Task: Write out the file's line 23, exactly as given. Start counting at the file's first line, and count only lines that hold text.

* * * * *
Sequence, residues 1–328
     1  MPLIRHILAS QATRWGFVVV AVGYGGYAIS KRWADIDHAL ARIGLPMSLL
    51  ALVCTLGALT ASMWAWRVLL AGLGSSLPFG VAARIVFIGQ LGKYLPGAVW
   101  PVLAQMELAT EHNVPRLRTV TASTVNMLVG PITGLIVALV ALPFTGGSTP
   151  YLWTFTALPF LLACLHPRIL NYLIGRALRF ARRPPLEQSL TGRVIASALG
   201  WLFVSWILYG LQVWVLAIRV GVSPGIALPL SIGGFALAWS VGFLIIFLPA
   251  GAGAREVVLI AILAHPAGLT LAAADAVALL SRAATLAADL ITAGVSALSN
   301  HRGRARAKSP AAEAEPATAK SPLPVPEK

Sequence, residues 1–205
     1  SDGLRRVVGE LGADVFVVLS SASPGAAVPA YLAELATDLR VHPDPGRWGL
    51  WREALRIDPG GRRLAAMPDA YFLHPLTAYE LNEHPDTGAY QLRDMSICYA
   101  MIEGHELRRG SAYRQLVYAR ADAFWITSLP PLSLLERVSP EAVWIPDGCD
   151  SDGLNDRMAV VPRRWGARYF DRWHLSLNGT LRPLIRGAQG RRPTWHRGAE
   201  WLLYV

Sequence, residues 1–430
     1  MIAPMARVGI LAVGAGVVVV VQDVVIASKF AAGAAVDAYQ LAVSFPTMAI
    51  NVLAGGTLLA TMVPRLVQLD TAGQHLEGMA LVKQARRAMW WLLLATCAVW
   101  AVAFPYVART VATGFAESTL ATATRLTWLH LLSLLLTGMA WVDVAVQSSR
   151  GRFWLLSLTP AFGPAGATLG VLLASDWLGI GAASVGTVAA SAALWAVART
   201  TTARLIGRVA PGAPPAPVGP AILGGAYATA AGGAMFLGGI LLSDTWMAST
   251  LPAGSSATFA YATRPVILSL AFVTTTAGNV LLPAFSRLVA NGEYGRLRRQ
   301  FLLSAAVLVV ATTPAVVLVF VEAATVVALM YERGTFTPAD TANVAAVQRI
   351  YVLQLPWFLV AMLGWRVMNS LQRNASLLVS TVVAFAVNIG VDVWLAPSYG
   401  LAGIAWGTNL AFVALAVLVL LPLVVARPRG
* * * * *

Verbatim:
   351  YVLQLPWFLV AMLGWRVMNS LQRNASLLVS TVVAFAVNIG VDVWLAPSYG